October 2013

Offering Basic Scientists an Introduction to Translational Research

Translational_Research

In an example of CHOP Research’s commitment to educating the next generation of scientists, a recent workshop held at the Institute introduced young investigators to the principles of translational research. Led by a committee of Children’s Hospital faculty and organized by the CHOP Research Office of Postdoctoral Affairs, the 2013 Pediatric Translational Research Workshop for Basic Scientists brought together a group of graduate students, postdocs, and early-career researchers for a week of presentations, clinical visits, and discussions.

“The workshop was designed to provide participants with the fundamental tools and knowledge to bring their basic research discoveries to the clinic,” said Deputy Scientific Director of CHOP Research Tom Curran, PhD, FRS, who was the workshop’s facilitator and the lead faculty organizer. “In addition to cutting-edge scientific presentations from top CHOP and UPenn researchers, the rigorous agenda included lectures and discussions focused on basic/clinical research collaborations, navigating an Institutional Review Board, and evaluating the ethics of translational research,” he added.

Workshop attendees came from a number of Philadelphia-area universities. In addition to The Children’s Hospital of Philadelphia, institutions represented included the University of Pennsylvania, Temple University, Thomas Jefferson University, the University of Medicine and Dentistry of New Jersey (now Rutgers Biomedical and Health Sciences), and the Monell Chemical Senses Center.

In his welcome address on the workshop’s opening day, Dr. Curran acknowledged there was “no simple answer” to pursuing a career in translational research. However, in order to give the participants “a real feel for translational research,” the workshop would offer “specific, in-depth experiences,” he said. Dr. Curran also noted how important collaboration with other researchers — particularly cross-disciplinary collaboration — is to successful translational research.

“Working as part of a team can be one of the most rewarding experiences you’ll have,” Dr. Curran said.

The weeklong workshop featured speakers from a variety of disciplines from Children’s Hospital and the University of Pennsylvania. Among the leading CHOP researchers who presented were Philip R. Johnson, MD, director of CHOP Research, Louis Bell, MD, chief of the division of General Pediatrics, Peter Adamson, MD, chief of the division of Clinical Pharmacology and Therapeutics, and fetal surgeon Alan Flake, MD, director of the Center for Fetal Research. The sessions spanned the research spectrum, from those on cystic fibrosis therapies to mitochondrial disease to several talks on translational research in neurodevelopmental disorders.

Translational Research’s Impact

For his part, CHOP Research’s Dr. Johnson presented the workshop participants with three examples of how translational research has affected Children’s Hospital patients. Saying that his job was to make translational research “real” for the attendees, Dr. Johnson discussed three case studies: the work done by Stephan Grupp, MD, PhD, to treat acute lymphoblastic leukemia with T cell therapy; fetal surgery to correct myelomeningocele, a devastating form of spina bifida, which is led by CHOP’s N. Scott Adzick, MD; and the investigation by the University of Pennsylvania’s Albert M. Maguire, MD, and Jean Bennett, MD, PhD, into gene therapy to treat eye disease.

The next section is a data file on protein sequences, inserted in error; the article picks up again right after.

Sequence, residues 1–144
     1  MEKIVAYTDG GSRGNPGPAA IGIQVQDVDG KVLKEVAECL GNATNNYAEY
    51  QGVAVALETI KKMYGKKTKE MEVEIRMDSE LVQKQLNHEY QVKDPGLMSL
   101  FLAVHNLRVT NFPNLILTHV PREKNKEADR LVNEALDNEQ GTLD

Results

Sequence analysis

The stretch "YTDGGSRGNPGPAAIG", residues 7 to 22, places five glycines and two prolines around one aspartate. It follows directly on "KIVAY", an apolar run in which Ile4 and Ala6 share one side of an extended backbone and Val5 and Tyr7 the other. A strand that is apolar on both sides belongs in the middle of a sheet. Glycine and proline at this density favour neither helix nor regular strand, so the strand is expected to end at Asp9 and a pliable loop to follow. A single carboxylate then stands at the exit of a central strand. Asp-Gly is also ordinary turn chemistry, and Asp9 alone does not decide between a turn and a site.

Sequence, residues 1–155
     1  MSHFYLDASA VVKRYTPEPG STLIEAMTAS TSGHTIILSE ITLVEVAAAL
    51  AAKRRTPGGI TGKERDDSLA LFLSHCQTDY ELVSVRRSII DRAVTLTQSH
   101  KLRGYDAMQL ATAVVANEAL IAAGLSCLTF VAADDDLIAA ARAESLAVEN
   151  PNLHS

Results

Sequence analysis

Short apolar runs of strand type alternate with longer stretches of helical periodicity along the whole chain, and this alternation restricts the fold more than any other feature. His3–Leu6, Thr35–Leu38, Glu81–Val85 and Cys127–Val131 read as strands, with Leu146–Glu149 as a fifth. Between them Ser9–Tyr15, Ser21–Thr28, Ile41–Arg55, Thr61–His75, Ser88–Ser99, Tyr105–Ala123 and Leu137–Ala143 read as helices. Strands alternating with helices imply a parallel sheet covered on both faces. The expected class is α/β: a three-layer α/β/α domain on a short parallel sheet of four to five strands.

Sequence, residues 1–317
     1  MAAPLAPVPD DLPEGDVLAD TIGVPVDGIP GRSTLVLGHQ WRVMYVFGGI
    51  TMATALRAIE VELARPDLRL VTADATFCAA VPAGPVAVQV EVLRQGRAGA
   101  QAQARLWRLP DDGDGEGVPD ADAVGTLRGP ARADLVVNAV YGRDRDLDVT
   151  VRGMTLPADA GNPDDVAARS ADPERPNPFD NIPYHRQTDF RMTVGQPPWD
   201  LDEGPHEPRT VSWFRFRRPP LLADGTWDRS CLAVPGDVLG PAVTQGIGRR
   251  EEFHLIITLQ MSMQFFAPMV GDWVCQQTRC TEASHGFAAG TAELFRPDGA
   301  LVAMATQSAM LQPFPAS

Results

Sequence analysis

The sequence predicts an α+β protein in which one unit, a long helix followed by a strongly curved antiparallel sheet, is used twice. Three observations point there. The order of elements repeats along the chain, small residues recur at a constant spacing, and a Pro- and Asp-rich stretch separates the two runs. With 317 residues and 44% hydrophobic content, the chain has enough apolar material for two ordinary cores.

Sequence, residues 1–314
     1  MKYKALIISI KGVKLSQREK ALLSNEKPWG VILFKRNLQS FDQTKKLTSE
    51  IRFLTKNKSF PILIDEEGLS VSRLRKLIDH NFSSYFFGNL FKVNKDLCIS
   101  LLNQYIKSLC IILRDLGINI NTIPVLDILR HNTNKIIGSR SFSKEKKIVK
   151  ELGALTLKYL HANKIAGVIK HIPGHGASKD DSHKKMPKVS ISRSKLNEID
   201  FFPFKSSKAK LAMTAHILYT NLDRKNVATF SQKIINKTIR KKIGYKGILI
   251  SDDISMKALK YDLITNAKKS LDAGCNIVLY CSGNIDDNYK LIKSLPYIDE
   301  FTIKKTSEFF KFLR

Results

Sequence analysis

Translational research is not about “instant gratification,” Dr. Johnson said, noting that it can take decades for work to go from the bench to the bedside. But translational research offers investigators the opportunity to see their work pay off and make an impact on patients, he said.

To give attendees a sense of the effect translational research can have, the workshop also included visits from patients and patient families — including those with cystic fibrosis, the developmental disorder Cornelia de Lange Syndrome, the rare genetic disease Fibrodysplasia ossificans progressiva, and mitochondrial disease — and a visit to the Hospital’s pediatric intensive care unit (PICU). The PICU visit, and a discussion of the attendees’ impressions, was moderated by Athena Zuppa, MD, MSCE, an attending physician in Pediatric Critical Care medicine.

Several outside speakers gave talks during the week, including former FDA official Stephen Spielberg, MD, PhD, current editor-in-chief of Therapeutic Innovation and Regulatory Science, and Richard Woodward, PhD, chief executive officer of Vascular Magnetics, Inc. Dr. Spielberg discussed how industry, academics, and the FDA view translational medicine, while Dr. Woodward’s talk was focused on setting up a biotechnology business. Workshop participants were also given the chance to network with each other and CHOP and UPenn faculty at events both on and off campus.

And last but not least, Joseph W. St. Geme, III, MD, Children’s Hospital’s physician-in-chief and chair of the Department of Pediatrics at the University of Pennsylvania, delivered the workshop’s closing address. A noted microbiologist, Dr. St. Geme recently joined CHOP after spending a number of years at Duke University, where he served as chairman of the Department of Pediatrics and chief medical officer.

“The Pediatric Translational Research Workshop for Basic Scientists reflects the CHOP Research Institute’s commitment to the next generation of leaders in translational science,” said Dr. Curran.

To read more about the 2013 Pediatric Translational Research Workshop for Basic Scientists, click here. And to learn more about The Children’s Hospital of Philadelphia’s educational resources, see the CHOP Research site.

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